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Doug Allan - Freeze Frame

Those were the days ...

by Colin Doeg

Reproduced from in focus 46. (Dec. 1992)

Colin continues his reminiscences of the beginnings of BSoUP, founded twenty-five years ago.

The early members of BSoUP used to tactfully describe themselves as mild eccentrics. This was about the only kindly term that could be found to describe a group of fiercely independently minded individuals who, among other things, had highly developed allergies to organised diving and especially to diving with other than photographic models or other underwater photographers.

The amazing thing is that they all got on so well together and that the organisation they created has both survived and thrived. Between them they represented a unique storehouse of technical knowledge and expertise. Most prominent among them - in alphabetic order and in no way suggesting that even one of them could ever be described as being the slightest bit unusual in any way whatsoever - were Tim Glover, Geoff Harwood and Peter Scoones.

They were as adept at making housings and installing cameras as they were at taken good pictures. Indeed, the most successful photographers in those early days were mainly the ones with the skills to make their own housings, develop special gizmo's and also produce superb prints from their darkrooms.

Tim Glover

Tim Glover distinguished himself, among other things, for having the first flashgun flood. Now Tim's flashgun was not one of your everyday, 1992 flashguns. All the necessary gubbins were housed in a Perspex tube that, from memory, was about 1ft or 1ft 6in in diameter and about 2ft long. It needed to be that size to house all the components because no-one had got round to miniaturising professional flashguns. The ensemble was fixed to a Rollei Marine outfit and tucked neatly over one shoulder when you were taking pictures.

Well, Tim was down at about 80ft in the Mediterranean when it happened. He glanced in the housing and saw it was flooding. The ocean was remorselessly approaching the electronics. As there was clearly insufficient time to surface before the housing flooded completely, Tim carefully put the outfit down and finned off to a respectable distance to watch whatever would transpire. Geoff joined him and the pair gazed in fascination as the sea crept up towards the vital components.

What would happen, they wondered. Would everything explode? Would they experience an electric shock? Would they survive? They knew not, because it hadn't happened to anyone before. Almost as an anticlimax, the components drowned with grace and dignity. There were no blinding flashes of light or streams of sparks. The water didn't boil. Blue sparks didn't race around the sea bed. Indeed, the event was an anti-climax but it was a good tale for months afterwards.

Geoff Harwood

Geoff developed System Harwood - a camera housed in one Perspex box and looking out through a correction lens with another box containing a flashgun hinged onto it. Geoff put a small torch- head in the housing alongside the flashgun so its beam would show the centre of the area which would be illuminated.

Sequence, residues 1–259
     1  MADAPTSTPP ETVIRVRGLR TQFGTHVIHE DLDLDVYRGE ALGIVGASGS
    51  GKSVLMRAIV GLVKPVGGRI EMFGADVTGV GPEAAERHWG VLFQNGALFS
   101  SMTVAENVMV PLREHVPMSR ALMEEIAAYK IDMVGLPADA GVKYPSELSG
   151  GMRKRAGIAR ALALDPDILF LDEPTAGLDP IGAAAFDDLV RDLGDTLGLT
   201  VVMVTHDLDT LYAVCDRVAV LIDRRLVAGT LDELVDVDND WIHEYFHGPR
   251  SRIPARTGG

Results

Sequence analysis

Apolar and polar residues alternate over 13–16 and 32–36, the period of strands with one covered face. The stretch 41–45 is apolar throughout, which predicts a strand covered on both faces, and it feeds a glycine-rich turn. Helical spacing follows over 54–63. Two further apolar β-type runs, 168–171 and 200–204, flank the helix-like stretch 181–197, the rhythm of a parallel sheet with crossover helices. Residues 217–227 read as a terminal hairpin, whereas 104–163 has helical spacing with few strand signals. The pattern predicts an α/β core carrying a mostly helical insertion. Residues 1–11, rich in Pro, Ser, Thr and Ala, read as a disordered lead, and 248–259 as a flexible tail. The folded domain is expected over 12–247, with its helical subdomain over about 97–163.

He filed and ground the correction lens out of living perspex with nothing more than instinct and flair to guide him ... plus a bit of trial and error. The result was that he was able to correct the effect of refraction. That's when the rays of light bend as they go from air (as in a housing) into water. It meant that a 50mm or 35 mm lense would 'see' the same underwater as if it was in air rather than about a third less.

The torch meant he could focus his SLR camera on the pool of light. Then, when he bore down on a subject, he knew it would be pin sharp when the beam of light fell on it. It was a great system which worked well and helped Geoff, very deservedly, to win the title of British Underwater Photographer of the Year at the Brighton Film Festival.

Peter Scoones

Peter Scoones, of course, was a law unto himself. When everyone else was using 'wet' leads for their flashguns - more of that in another issue - he fired his gun with a 'dry' lead. Peter's method was simple. He drilled a hole in the camera housing and another in the flashgun housing. Then he fed an electric lead from one to the other, sealing it with laboratory bungs. Yes, laboratory bungs!

It worked like a charm for Peter ... you just had to remember to shove the bungs in a little harder as you went deeper. However, when he lent the outfit to someone else they managed to 'drown' everything which, from memory, was a Bronica S2a, 50mm lens and a small flashgun.

Peter was adept at making housings at a time when the only engineering facilities he had were the kitchen table and a hand- held Black and Decker drill. Heaven knows what the Health and Safety Inspectorate would have thought if they had had existed at that time, but Peter could mill parts to shape and route out grooves for O-rings with great precision and accuracy. He must have had strong arm muscles.

Peter's housings - as ever - were brilliantly simple and original. During the very earliest years of BSoUP, for instance, he was experimenting with putting a Metz hammerhead flashgun and battery pack into a Perspex 'suitcase' which he could place in position and fire by means of a slave. To me, that seems to have been the forerunner to the floating housing he has devised for his underwater video work which gives him a freedom of operation unmatched by anyone else's ideas.

Tim, Geoff and Peter were particularly unselfish in helping other underwater photographers make housings, etc and they were the driving force behind the production of the Society's Data Book. But that will have to wait for another issue.

Reproduced from 'in focus' 46. Dec. 92 with kind permission of Colin Doeg.


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